Rowe predicted that local tow truck drivers should see a definite uptick in business.
But back to the fish …
Curtis Milliron questioned how Fish and Wildlife plans to monitor the effects its policy changes will have and how they will affect fish populations.
Roger Bloom suggested that any monitoring will likely be limited and insufficient. “We’re not going to get a magic pot of money [to do it],” he replied.
As Reagan Slee observed, “If the state stocked more [fish], it [new regulations] wouldn’t matter as much. if the state did its job, we wouldn’t be having this conversation.”
Slee said he sells $500,000 worth of fishing licenses annually out of his store. “And I don’t think we see $500,000 in fish for Inyo and Mono Counties combined,” he added.
This is his prediction: That for the next two years, he’ll quite honestly make pretty good money. But then, the fishery will be destroyed, and he’ll be contemplating whether or not he should start carrying rock climbing equipment.
80% of Reagan’s business is currently fishing-related.
The Tao of Fred
Fred Rowe casts himself as fairly neutral in regard to the proposed changes.
Yes, there would no longer be the big bang of the season opener, which Reagan Slee says encompasses both the single biggest day of business and the biggest single week of business he does all year. But perhaps, said Rowe lodging establishments and fly shops and the like will make up the difference throughout the year.
“Everyone’s scared because no one knows the answer,” he said.
“And do we need to be harassing fish populations year-round?” he asks rhetorically. “It’s fine to change the regulations if you have a biological basis,” says Rowe. “But can they monitor [impacts]? Will they?”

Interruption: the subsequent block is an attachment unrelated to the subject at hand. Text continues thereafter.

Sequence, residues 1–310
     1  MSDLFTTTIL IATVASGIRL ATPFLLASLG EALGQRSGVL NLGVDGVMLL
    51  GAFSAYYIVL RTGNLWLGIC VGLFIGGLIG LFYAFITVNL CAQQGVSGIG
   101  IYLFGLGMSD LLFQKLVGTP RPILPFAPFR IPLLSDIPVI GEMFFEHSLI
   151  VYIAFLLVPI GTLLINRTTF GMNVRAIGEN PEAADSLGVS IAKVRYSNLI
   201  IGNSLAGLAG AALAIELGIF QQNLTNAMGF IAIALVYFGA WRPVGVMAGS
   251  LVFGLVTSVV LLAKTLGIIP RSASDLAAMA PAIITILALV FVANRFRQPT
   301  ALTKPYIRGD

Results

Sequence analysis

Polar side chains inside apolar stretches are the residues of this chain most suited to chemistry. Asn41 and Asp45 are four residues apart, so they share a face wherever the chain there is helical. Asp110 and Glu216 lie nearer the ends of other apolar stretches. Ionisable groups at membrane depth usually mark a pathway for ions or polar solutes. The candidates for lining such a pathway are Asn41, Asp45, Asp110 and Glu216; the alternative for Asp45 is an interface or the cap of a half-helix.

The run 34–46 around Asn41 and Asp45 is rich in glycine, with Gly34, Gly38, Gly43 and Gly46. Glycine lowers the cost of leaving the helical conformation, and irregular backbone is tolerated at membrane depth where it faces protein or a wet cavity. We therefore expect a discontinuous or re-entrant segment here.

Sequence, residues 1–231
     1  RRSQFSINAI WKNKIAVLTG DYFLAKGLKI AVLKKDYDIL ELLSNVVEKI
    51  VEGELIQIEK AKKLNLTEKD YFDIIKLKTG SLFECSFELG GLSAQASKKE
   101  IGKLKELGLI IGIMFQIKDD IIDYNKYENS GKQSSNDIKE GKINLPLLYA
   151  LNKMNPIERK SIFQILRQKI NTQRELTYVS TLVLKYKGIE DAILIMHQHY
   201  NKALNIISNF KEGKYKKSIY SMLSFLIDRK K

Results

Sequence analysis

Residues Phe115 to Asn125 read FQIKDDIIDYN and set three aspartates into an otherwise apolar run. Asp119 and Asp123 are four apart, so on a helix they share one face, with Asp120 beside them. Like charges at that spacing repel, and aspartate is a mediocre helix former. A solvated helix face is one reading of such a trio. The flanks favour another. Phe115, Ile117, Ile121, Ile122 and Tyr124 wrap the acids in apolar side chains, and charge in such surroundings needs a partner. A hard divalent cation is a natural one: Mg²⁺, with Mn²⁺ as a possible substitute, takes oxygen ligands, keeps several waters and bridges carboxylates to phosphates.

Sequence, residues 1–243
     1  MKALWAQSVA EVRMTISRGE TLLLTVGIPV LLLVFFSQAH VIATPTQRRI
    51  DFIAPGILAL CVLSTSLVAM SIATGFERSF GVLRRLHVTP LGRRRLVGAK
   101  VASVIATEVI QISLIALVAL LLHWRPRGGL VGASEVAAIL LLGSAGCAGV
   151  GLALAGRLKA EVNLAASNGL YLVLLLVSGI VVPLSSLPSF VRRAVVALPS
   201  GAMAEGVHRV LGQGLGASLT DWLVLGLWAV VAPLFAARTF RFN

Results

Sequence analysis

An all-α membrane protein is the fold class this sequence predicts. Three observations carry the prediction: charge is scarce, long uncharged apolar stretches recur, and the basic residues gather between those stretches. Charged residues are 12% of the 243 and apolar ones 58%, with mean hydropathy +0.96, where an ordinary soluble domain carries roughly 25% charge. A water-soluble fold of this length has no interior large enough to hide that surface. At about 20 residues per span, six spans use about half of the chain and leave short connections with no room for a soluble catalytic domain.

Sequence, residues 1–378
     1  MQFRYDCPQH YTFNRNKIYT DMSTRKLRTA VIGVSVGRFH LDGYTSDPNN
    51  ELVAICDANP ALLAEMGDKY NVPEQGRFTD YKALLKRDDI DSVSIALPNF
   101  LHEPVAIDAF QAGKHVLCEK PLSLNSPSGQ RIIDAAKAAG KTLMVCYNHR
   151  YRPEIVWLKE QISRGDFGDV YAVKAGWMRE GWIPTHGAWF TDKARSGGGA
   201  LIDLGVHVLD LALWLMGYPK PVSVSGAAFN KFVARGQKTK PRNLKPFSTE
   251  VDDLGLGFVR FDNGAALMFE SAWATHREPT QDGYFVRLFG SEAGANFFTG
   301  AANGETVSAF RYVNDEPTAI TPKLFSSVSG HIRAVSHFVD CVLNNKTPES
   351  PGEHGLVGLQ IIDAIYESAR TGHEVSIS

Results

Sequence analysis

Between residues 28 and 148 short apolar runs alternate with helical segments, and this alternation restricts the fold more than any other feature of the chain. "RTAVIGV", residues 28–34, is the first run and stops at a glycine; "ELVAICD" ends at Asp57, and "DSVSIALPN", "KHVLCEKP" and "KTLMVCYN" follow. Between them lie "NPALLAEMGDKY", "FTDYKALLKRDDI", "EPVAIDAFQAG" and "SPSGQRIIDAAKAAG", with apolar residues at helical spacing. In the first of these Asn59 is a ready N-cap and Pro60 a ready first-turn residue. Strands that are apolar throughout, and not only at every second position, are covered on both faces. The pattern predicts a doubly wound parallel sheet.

And year-round fishing doesn’t just affect fish. As Fishing Guide and Duck Hunting enthusiast Chris Leonard explained Thursday, when Hot Creek and the Upper Owens were opened to year-round fishing in 2007, the ducks literally disappeared overnight. “I don’t duck hunt in those areas anymore,” he said, “But I’d sure like to.”
The potential impact to other wildlife from increased pressure on fisheries is undetermined and unlikely to be studied, added Leonard.
Rowe said that in some respects, the new regulations will help his business. As an example, he cited two clients in their 70s who wished to fish the Upper Owens this weekend, but Rowe turned them down because water flows have tripled over the past three weeks.
Given the new regulations, he could’ve taken them three weeks ago.
Fish and Wildlife says it is soliciting input and vows to listen – that the proposal is not yet a “done deal.”
And Fishing Guide Kevin Peterson told fellow attendees at Wednesday’s meeting not to “turn this into a lynch mob situation.”
“It’s not a done deal,” he reiterated. “We can have our say.”
This is in contrast to 2007, when CDFW changed regulations on the Upper Owens, Hot Creek and the East Walker to year-round fishing without soliciting public input.
The meeting in Bishop was the first of six CDFW plans to hold statewide over the next month. Its informational tour is schedule to conclude in Truckee on April 23.